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Use Your Drum Sounds to Improve Your Compositional Workflow

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Knowing Your Drum Sounds Makes for a More Efficient Compositional Workflow

By AMIR SAID (SA’ID)

Compositional workflow, the collective processes, methods, and time it takes a beatmaker to create a beat, can be improved in a number of different ways. Depending on the individual EMPI (Electronic Music Production Instrument), the steps within most beatmaking processes can be condensed. Likewise, the various methods of achieving particular production goals can be realized, retooled, and/or retranslated in ways that bring about desired results faster and more efficiently. Even the reshuffling of one’s production environment can improve workflow. (Do not under estimate the power of a comfortable chair and/or a good view.) But among the countless ways to improve compositional workflow, often the most overlooked way can be found in the area of drum sounds and drum sound modification.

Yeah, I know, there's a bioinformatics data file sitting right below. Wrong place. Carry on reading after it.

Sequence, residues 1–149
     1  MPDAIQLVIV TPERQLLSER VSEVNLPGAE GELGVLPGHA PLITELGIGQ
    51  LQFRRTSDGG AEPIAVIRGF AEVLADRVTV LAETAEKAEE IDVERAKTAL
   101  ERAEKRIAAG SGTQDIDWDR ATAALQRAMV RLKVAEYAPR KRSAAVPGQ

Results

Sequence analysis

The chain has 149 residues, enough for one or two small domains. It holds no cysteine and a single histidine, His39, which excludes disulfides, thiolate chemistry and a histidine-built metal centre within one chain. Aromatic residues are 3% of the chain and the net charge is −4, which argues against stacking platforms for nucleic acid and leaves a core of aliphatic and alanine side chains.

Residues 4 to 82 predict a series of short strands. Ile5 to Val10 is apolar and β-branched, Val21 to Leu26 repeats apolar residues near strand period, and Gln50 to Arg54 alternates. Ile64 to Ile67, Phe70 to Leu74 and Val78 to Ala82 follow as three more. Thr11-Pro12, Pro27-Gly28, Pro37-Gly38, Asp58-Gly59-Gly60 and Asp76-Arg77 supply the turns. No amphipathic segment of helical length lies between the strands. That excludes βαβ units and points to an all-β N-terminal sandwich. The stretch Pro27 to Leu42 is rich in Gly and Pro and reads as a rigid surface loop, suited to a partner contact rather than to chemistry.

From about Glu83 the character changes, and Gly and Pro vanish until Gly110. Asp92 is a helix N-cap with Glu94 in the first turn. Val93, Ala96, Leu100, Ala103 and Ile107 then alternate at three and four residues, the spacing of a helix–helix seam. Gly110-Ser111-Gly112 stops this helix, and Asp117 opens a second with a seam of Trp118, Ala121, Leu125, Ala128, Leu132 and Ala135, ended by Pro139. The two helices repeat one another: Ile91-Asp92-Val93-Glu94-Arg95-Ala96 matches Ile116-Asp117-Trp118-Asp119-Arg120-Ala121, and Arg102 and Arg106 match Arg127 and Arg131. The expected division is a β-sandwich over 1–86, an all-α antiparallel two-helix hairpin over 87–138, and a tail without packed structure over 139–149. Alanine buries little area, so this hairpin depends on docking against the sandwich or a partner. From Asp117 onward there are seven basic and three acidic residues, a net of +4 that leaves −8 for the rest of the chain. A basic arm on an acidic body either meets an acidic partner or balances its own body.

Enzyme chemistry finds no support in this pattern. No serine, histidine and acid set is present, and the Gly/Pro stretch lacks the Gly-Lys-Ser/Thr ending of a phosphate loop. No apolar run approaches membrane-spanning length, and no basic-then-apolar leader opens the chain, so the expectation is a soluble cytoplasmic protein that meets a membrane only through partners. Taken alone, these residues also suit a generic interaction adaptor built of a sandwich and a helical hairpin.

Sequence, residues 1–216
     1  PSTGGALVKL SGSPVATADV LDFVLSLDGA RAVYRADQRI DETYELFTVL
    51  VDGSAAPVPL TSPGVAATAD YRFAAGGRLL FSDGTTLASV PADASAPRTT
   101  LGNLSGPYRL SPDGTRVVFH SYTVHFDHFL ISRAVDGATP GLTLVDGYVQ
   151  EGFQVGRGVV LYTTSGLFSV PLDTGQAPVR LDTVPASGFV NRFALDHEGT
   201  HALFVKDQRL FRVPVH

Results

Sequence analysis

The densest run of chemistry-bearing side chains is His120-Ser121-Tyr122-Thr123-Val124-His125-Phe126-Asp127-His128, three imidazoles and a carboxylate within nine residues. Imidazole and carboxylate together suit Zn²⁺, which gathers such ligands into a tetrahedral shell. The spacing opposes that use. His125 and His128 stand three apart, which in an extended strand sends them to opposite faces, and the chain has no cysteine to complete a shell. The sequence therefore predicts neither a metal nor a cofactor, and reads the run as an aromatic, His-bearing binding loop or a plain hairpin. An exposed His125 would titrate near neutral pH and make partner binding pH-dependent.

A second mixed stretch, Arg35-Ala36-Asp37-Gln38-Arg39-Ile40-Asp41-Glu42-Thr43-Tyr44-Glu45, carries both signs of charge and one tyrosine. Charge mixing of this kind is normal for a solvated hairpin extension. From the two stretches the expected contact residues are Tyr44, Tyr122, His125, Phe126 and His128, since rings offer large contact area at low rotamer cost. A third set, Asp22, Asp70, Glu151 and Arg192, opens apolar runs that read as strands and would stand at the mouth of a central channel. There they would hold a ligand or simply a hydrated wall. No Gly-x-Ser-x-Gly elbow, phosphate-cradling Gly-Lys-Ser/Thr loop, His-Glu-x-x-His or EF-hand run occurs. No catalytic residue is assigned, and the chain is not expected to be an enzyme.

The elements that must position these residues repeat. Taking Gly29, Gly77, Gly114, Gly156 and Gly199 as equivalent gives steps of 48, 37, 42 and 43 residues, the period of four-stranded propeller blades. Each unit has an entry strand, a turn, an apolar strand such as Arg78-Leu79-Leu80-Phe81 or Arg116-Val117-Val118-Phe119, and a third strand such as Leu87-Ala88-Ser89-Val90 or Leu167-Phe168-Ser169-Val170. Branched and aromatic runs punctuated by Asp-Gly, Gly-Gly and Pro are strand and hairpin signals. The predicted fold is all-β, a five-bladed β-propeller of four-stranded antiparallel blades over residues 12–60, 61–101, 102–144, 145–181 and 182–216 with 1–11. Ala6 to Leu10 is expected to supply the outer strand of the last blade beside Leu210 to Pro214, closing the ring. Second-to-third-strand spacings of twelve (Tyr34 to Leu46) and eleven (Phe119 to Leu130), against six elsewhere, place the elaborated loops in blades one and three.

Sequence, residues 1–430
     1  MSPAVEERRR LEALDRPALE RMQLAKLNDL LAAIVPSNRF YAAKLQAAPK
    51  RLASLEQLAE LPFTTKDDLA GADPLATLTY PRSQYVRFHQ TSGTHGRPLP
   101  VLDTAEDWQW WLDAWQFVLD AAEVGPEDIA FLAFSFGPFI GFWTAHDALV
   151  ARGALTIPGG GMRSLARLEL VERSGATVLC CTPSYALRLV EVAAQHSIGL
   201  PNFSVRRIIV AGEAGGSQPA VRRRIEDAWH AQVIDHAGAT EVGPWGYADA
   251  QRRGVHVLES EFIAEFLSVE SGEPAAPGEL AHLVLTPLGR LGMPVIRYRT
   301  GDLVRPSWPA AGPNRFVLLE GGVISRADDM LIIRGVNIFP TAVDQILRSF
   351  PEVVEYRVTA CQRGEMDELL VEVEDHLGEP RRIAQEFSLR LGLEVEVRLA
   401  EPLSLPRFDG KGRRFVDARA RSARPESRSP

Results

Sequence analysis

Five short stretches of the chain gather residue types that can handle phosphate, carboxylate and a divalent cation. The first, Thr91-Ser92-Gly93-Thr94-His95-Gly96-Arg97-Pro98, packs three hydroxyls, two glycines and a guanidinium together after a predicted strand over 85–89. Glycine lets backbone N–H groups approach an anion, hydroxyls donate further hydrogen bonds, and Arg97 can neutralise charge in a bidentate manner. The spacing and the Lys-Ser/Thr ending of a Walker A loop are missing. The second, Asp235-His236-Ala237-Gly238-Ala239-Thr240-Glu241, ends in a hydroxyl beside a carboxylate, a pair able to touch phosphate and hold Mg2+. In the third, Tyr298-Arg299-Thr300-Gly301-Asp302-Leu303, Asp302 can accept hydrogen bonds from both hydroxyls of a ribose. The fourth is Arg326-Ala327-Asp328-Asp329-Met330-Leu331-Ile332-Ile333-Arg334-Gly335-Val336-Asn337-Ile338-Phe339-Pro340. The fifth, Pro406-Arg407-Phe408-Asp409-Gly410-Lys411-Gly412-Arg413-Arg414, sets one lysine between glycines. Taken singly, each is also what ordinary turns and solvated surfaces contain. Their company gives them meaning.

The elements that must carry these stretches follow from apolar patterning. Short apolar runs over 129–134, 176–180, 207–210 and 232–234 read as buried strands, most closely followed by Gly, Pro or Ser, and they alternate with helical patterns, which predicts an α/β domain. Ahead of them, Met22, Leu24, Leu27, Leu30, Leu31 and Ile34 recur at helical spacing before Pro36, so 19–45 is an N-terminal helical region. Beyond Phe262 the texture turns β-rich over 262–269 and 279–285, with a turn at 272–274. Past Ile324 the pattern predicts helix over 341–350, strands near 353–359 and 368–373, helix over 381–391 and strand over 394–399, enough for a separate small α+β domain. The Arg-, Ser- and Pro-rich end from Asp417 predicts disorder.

Most beatmakers—myself included—take pride in crafting their drum sounds, despite the fact that there are also lots of beatmakers who depend (heavily) on pre-set drum sounds with little to no customization at all. For those beatmakers who see their drums as a major component of their overall production identity, individualized drum sound customization is key. But that being said, the processes of drum sound customization can impede workflow whenever they are overly applied during the making of a beat. This is why simply knowing your drum sounds is a great way to improve compositional workflow.

Check it out… Whenever I’m making a beat, I choose my drum sounds quickly because I know them. I know their texture; I know their color; I know what types of sounds they’ll go well with; I know how they’ll sit and sound in the final mix. So for me, selecting the right drums for the right style and sound of beat that I’m working on at the moment doesn’t involve a prolonged scroll through my drum library.